Aliyah Boston leads South Carolina back to Final Four with 'unfinished business' after rout of Creighton

GREENSBORO, N.C. -- Aliyah Boston and South Carolina checked one goal off their list on Sunday night.

The biggest one lies ahead.

Though Boston had her double-double streak snapped, her 19 points led the way in helping No. 1 overall seed South Carolina handle No. 10 seed Creighton 80-50 to clinch a spot in the Final Four for the second straight season.

This Final Four appearance is one Boston in particular has worked for since the Gamecocks' semifinal loss to Stanford last year, when she missed a shot at the buzzer that would have taken them into the national title game. South Carolina coach Dawn Staley and the rest of the team have spoken openly about how much they all wanted to return to the Final Four to get another shot at winning a championship.

Most especially Boston.

Now they have it. As the final seconds ticked off the clock on Sunday, Boston raised her arms in the air, did a little dance and screamed, "Let's go!" Following the postgame handshake line, players ran over to dance and celebrate with the South Carolina band, and soon Boston joined them after doing her postgame ESPN interview.

"It's exciting, but we just said in the locker room we still have unfinished business and we still have two more games to play," Boston said.

Indeed, "unfinished business" seemed to be the theme postgame. Staley mentioned the pressure this team has faced throughout the course of the season, understanding the big goal the Gamecocks had set for themselves. With another Final Four appearance as the favorite to win, the pressure is only sure to grow.

But Staley said her players fully understand what that means as they head into the biggest game of their season.

"We've created habits all season long," Staley said. "The habits that we've had, I don't think we'll stray too far from it. We got a core group of players who just want to win, so I think they have a really good pulse on our team, and they're able to calm things down when needed.

"This year has been one in which we had a target out there -- not a target on our back -- we had a target out there to win a national championship. And we put ourselves in this position, and I think win, lose or draw, it won't be from not trying as hard as they can."

Although Boston did not have a double-double for the first time in 27 consecutive games, her presence inside the paint caused major issues for the much smaller Bluejays. In order to try to slow down the Gamecocks, Creighton knew it would have to try to make life as uncomfortable as possible for Boston and the post players inside, while relying on its ability to make 3-pointers.

Easier said than done against the leading candidate for player of the year. South Carolina finished with 42 points in the paint, the 13th time it had 40 or more this season -- the most in the SEC. Eight of Boston's nine field goal attempts in the game came from inside the paint.

Victaria Saxton, often overlooked for the role she plays inside with Boston, finished with 11 points and 11 rebounds. In addition to the scoring, South Carolina used its height advantage to outrebound Creighton 43-23 -- limiting the Bluejays to just four second-chance points.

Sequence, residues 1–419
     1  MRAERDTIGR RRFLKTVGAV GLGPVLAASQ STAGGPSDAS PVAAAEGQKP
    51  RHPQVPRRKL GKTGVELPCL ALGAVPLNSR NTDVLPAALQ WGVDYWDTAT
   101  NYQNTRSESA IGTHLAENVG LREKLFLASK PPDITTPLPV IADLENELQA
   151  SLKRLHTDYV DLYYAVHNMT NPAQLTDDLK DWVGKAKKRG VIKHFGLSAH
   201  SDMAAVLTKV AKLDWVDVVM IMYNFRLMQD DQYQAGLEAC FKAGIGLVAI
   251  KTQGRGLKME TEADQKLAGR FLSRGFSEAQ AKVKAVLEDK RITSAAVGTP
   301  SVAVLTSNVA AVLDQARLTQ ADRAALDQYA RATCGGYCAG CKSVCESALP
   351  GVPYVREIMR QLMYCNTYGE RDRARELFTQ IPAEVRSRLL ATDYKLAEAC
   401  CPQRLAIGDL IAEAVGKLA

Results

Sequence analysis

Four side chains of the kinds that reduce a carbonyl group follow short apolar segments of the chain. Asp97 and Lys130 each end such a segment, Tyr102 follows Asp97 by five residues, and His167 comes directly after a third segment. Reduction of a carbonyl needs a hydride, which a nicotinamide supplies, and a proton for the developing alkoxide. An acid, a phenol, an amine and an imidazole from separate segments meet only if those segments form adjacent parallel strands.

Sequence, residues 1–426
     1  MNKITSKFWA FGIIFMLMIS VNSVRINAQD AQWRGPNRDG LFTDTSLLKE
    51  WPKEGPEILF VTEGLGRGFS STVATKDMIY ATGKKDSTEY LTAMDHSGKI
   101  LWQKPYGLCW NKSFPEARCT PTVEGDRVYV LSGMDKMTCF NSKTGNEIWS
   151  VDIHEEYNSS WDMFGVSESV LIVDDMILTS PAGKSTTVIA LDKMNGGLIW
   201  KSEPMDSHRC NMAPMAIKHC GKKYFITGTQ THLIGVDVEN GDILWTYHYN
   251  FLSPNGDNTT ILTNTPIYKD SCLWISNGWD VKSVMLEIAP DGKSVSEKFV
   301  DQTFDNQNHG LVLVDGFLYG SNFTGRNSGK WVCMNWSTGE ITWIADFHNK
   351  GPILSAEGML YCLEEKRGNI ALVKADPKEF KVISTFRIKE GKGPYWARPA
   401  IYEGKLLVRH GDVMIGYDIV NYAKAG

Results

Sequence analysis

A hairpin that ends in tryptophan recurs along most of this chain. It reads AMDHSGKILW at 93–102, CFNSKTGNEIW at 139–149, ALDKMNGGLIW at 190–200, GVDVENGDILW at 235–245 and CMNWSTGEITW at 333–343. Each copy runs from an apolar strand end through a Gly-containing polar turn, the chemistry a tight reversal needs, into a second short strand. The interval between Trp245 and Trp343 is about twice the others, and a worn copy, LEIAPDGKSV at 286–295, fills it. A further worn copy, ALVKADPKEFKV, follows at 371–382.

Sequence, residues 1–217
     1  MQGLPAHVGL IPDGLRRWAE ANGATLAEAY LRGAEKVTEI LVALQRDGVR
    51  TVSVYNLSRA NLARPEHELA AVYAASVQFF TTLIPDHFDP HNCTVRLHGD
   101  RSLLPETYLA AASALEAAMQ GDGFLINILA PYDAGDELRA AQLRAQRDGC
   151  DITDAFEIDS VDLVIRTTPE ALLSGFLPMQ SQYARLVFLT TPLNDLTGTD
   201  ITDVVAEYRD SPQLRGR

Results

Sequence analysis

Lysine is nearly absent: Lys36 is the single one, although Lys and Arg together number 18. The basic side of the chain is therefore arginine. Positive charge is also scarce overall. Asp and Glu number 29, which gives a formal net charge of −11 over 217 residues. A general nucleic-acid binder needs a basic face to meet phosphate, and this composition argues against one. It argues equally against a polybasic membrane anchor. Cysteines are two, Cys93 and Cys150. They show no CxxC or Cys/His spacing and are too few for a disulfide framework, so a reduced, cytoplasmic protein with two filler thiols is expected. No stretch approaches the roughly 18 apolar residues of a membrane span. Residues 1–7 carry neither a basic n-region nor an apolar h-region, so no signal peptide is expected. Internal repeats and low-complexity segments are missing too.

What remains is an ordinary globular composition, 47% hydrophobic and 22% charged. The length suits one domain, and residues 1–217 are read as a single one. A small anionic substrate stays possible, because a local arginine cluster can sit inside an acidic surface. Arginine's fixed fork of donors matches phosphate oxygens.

"I feel like there were times where we had all five blue jerseys in the paint going after boards and they still somehow came out with the rebound," said Creighton guard Lauren Jensen, who led the Bluejays with 12 points. "So that was kind of a struggle for us tonight."

Meanwhile, the suffocating South Carolina defense shut down the 5-out offense Creighton plays and limited the 3-point attempts. Creighton went into Sunday's contest averaging 10 made 3-pointers per game. But Creighton went 7-of-21 against the Gamecocks, and as South Carolina kept growing its lead, the Bluejays seemed powerless to stop it.

To be sure, the run Creighton made to get to this point was historic. The Bluejays upset three higher-seeded teams on the way to their first Elite Eight appearance, and they became just the fourth double-digit seed to make it to the Elite Eight.

But the game got out of hand early. Boston made it look easy in the first half, with 12 of her 14 first-half points coming in the paint. South Carolina finished the first half with 30 total points in the paint, its most in a half in the NCAA tournament this year. South Carolina went into halftime with a 46-25 lead and never looked back.

"We just seemed a little hesitant," Creighton coach Jim Flanery said. "But I thought we had a better game plan setup than what I witnessed the first half. And that happens sometimes. You think you've gone over it and told them exactly what they need to do, but, again, with one-day prep, I just felt like we were a little erratic in terms of our understanding of where we needed to be."

Next up, the Gamecocks will play the winner of Monday night's Elite Eight game between Louisville and Michigan on Friday in Minneapolis, with the possibility of a rematch against Stanford looming -- only this time, in the national championship game.

"You got some young players who have no clue what it means to go to a Final Four," Staley said. "We'll probably have to hold them back a little bit because they just don't know the whole excitement of it. And then you have some older players who have been here before, and they have one thing on their mind and that is to win a national championship -- and we do it game by game.

"It was pressure-packed the entire season, and it's a relief to know that we're back and now we can settle in and try to get this thing done."